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Khinkali: Georgian Dumplings

Khinkali: Georgian Dumplings

Posted by on Oct 18, 2015 in Eat, Travel | 0 comments

In Georgia, khinkali is a staple menu item and available at most Georgian restaurants. These “Georgian dumplings” are usually filled with minced meat or cheese, but some newer restaurants offer other types of khinkali filled with mixed vegetables, mushrooms and more.   Khinkali reminds me of the typical Shanghai soup dumplings I’ve eaten quite often in New York City’s Chinatown, however, the dumpling skin of khinkali is much thicker and it’s eaten differently. During my stay in Georgia, I learned from my friend Sopho that legend has it among the younger generation, “Eating kinkali is how you make out with someone.” Now, every time I eat khinkali I just laugh and that’s all I think about!  Most restaurants have a minimum number of khinkali you can order, which I found is often five. The locals joke around about how many they can eat at one sitting. Our friend George says 20 khinkali is about his max! For me, it was about six. Just never try to order two khinkali at a restaurant or the waiter might laugh at you (learned that the hard way). So, how do you eat khinkali? You hold the top part of the khinkali with your right hand, and lift the bottom part with your left hand. Slowly and carefully, bite a small hole in the khinkali and began sucking out the soup. Gradually work your way around the khinkali, repeating the process. I also learned that you should not eat the top part of khinkali (the part you hold). The dough is very thick and locals say the “peasants” of Georgia only eat this part. Personally, my favorite khinkali is the one filled with meat (lamb or beef), cilantro, onions, parsley and dill. Of course, you have to sprinkle a hefty amount of black pepper on top like the locals do when eating khinkali.  I highly recommend trying khinkali if you can find it in your city, or just book a plane ticket to...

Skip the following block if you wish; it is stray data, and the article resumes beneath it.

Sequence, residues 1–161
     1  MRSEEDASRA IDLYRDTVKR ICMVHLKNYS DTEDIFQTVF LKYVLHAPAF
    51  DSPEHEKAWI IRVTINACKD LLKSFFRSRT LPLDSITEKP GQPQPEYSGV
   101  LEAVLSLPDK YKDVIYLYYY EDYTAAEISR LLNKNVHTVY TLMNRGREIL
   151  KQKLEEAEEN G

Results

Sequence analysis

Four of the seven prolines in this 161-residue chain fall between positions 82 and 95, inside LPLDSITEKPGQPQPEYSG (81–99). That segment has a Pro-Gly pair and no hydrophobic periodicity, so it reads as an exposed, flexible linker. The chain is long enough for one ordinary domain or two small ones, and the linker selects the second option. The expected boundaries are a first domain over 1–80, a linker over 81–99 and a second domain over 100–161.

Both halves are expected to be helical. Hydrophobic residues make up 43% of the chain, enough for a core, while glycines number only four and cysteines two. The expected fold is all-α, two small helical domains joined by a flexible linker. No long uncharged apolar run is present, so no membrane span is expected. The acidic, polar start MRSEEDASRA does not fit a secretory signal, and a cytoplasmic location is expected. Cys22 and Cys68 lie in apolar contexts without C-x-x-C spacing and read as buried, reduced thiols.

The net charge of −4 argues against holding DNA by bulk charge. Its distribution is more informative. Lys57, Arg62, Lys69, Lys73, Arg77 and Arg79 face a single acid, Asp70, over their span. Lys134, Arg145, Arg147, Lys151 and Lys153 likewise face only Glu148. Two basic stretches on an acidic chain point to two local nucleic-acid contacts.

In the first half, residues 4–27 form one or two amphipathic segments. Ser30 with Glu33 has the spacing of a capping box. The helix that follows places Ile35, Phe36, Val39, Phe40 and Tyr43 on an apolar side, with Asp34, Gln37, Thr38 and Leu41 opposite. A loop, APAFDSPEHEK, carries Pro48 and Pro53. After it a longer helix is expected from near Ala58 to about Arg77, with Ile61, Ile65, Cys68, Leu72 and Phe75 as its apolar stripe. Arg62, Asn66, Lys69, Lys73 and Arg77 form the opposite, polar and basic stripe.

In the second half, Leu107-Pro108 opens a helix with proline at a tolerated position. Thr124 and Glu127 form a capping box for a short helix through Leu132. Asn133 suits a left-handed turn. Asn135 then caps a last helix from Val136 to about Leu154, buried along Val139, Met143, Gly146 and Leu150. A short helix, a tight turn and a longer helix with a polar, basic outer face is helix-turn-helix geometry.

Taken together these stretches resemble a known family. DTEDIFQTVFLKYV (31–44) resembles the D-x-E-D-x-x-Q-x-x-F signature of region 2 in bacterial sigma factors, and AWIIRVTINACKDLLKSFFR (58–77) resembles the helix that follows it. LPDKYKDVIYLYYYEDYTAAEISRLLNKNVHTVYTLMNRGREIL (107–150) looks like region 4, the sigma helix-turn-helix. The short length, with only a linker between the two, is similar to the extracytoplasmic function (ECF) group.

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Travel Lessons and the Nicosia Nightmare

Travel Lessons and the Nicosia Nightmare

Posted by on Oct 17, 2015 in Travel | 0 comments

After traveling for over 9 hours from Georgia, Courtney and I finally arrived to Cyprus’ Ercan airport. First travel mistake: even if you think everything will be okay, don’t land in a foreign country at 1am. Yikes.  We waited in line at customs and were successfully admitted into the country around 1:30am. Our Airbnb hosts were so gracious and decided to stay up late to greet us, they just wanted us to call them as soon as we landed. So, I went to a counter to purchase a SIM card. The man at the counter was nice enough to also hail us a taxi and convinced them to take us to our host’s house so late. He haggled with the cabbie and finally settled on 200 Turkish lira if we wanted to ride with two other people going in the same direction. The price was steep but we knew this was our only option so late at night. Besides, it was also the last taxi available. We dropped off the two other passengers and it’s just Courtney and me left in the car. The taxi driver asks me to move up next to him so I can give him directions. I hesitantly moved to the front seat and opened Google Maps to my host’s home. Second travel mistake: always make sure you have a full phone battery upon landing in a foreign country. Of course, my phone dies as we are beginning to approach the host’s home. Thank goodness the cabbie had a USB plug so I was able to turn on my phone. The funny part about Cyprus (really just horrible) is that it’s split between a Turkish side and Greek side. We crossed over the border with the cabbie and then my worst nightmare happens, my phone has no service. Those assholes! They never told me the SIM card wouldn’t work on the Greek side. Third travel mistake: always do research about which SIM card company is best and how far service extends in the country. I had a bad feeling as we approached what we thought was our host’s home. The taxi driver dropped us off,...